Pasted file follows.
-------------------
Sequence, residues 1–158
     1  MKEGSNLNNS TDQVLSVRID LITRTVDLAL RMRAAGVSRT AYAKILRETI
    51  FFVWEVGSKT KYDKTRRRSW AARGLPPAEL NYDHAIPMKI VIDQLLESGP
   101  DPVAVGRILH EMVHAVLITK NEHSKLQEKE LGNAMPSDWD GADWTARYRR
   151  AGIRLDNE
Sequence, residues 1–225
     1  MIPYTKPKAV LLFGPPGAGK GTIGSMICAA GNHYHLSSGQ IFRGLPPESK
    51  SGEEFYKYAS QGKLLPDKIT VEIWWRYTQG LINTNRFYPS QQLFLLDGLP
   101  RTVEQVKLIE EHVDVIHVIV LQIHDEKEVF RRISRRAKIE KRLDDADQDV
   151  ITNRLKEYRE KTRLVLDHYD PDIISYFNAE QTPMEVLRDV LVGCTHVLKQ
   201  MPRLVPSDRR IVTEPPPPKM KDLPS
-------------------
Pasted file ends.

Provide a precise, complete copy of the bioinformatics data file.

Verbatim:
Sequence, residues 1–158
     1  MKEGSNLNNS TDQVLSVRID LITRTVDLAL RMRAAGVSRT AYAKILRETI
    51  FFVWEVGSKT KYDKTRRRSW AARGLPPAEL NYDHAIPMKI VIDQLLESGP
   101  DPVAVGRILH EMVHAVLITK NEHSKLQEKE LGNAMPSDWD GADWTARYRR
   151  AGIRLDNE
Sequence, residues 1–225
     1  MIPYTKPKAV LLFGPPGAGK GTIGSMICAA GNHYHLSSGQ IFRGLPPESK
    51  SGEEFYKYAS QGKLLPDKIT VEIWWRYTQG LINTNRFYPS QQLFLLDGLP
   101  RTVEQVKLIE EHVDVIHVIV LQIHDEKEVF RRISRRAKIE KRLDDADQDV
   151  ITNRLKEYRE KTRLVLDHYD PDIISYFNAE QTPMEVLRDV LVGCTHVLKQ
   201  MPRLVPSDRR IVTEPPPPKM KDLPS